When history of India is written, be it ancient, medieval or modern, one really can’t do justice to the importance each region has. Combining a detailed history of the entire subcontinent can result only in a multi-volume encyclopaedia. If one considers the regions of greater India – Burma, Thailand, Cambodia, Laos, Indonesia, Malaysia, Brunei, Singapore, Tibet, Afghanistan, Chinese Yunnan, Philippines – the issue becomes only more complex. It is no wonder that the history books beings churned out in the name of exploring the ancient Indian history haven’t had the dare to venture out and include some non-conventional topics in their narrative, which usually begins with the Sindhu-Saraswathi Civilisation and ends with Harsha’s reign, occasionally coming down south for explaining the exploits of the Rashtrakutas, Chalukyas and the Cholas in passing. The North – East sadly gets only a few sentences as a tribute to their unexplored and mysterious tradition.
Supposing that this fault can be attributed to the curse of geography, another curious lapse many history books suffer is from the ideological agenda that historians, however neutral they claim themselves to be, stuff down in their writings, as if these beliefs’ existence depend solely on how it can be plugged in at every possible crevice of their fairy tales. The historians come across as, for the lack of a better word, snobbish procrusteses, ever so trying to fit in our history into their narrow ideological spectrum. Their tiresome books leave the readers with a sense of shame.
It is in the midst of such unimaginative publications that Mukund’s Merchants of Tamilakam makes a simple but elegant appearance and makes one want for more. Written in a lucid language, the book is less of an exercise in drab chronicling and more of an enthralling introduction to a colourful society that existed from the Sangam Age (1st Century CE) till the end of the Chola Empire (1300s). The book is one among the many in the Penguin Series related to “The Story of Indian Business” which is edited by the prolific Gurcharan Das. As Das himself mentions in his foreword, the book “celebrates the ideal captured in the Sanskrit term artha or ‘material well-being’, which was one of the aims of the classical Indian life.”
The Tamil region extends from the hills of Vishnu [Tirupati] in the north to the oceans at the cape in the south. In this region of cool waters were the four great cities of Madurai with its towers; Uraiyur which was famous; tumultuous Kanchi; and Puhar with the roaring waters [of the Kaveri and the ocean].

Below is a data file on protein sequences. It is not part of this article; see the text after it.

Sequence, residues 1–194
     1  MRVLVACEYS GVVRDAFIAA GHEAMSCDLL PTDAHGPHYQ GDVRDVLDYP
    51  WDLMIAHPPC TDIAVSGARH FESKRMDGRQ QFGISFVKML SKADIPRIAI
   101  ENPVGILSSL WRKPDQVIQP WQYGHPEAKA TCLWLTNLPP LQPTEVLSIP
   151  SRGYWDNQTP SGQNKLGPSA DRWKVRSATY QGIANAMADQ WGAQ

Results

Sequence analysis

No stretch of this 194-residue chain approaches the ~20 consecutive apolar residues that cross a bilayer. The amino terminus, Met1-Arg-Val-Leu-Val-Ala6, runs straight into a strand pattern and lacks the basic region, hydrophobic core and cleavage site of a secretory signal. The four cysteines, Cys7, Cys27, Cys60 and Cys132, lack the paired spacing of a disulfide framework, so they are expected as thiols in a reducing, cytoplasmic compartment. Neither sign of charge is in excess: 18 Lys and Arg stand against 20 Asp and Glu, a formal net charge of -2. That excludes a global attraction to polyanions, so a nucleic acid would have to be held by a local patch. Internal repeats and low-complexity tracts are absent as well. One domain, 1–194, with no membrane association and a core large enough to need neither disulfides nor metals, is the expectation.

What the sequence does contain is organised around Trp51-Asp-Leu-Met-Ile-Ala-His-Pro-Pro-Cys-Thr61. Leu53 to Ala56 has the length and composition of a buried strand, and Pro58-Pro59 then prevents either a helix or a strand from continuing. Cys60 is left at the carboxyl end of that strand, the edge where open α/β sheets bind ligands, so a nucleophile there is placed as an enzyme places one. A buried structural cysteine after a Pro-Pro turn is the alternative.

In the earliest recorded period, Tamilakam was ruled by three kings, muvendargal, the Pandya, Chola and Chera with capitals at Madurai, Uraiyur (Tiruchi) and Vanji (Karur) respectively. Of the many ports, the one at Puhar or Pumpuhar at the mouths of Kaveri River was the most important. In the west coast, which are far more often mentioned in historical notes from the Mediterranean, ports of Muziris or Muchheri Pattanam (modern Kodungallur) and Tyndy or Tondi (modern Ponnani) stand out. It is interesting to note this, because the geography of the Indian coastlines is such that the western coast is conducive to natural ports while the eastern coast is not, since the Indian plate tilts in a west to east direction. Despite this, the number and importance given to the ports on the eastern coast, Korkai (at Gulf of Mannar), Saliyur (north of Korkai), Tondi (north of Rameswaram), Eyirpattinam, Pattinapakkam, along with the ones mentioned above, shows that the Tamil region was very resourceful and politically significant. Another point to be noted is the number of ports in the Palk Strait and Gulf of Mannar. Mukund infers that the ancient period ships were able to sail along the west coast of Sri Lanka since they were smaller, whereas even in the 17th century ships were larger and had to sail round the eastern coast of Lanka.
One fact that strikes out is the description of India as a sink of world’s gold, as described by Pliny the Elder. The value of imports compared to what was being exported from India – pepper, textile, pearls, and gemstones – was much lower and it resulted in a trade deficit for the merchants of the yavana (Roman) empire. A map tracing the path the merchants used to travel as explained by the author is given below. This explains the reason why large amount of Roman coins have been excavated in Coimbatore, Erode and Salem.
|Possible paths traversed by Roman traders into the interior of Tamilakam|
But this did not have any adverse effects, since the increase in trade with the South East Asian and Far East Asian empires, was able to offset this ban, about which a longer record has been given by Mukund in The Merchants.
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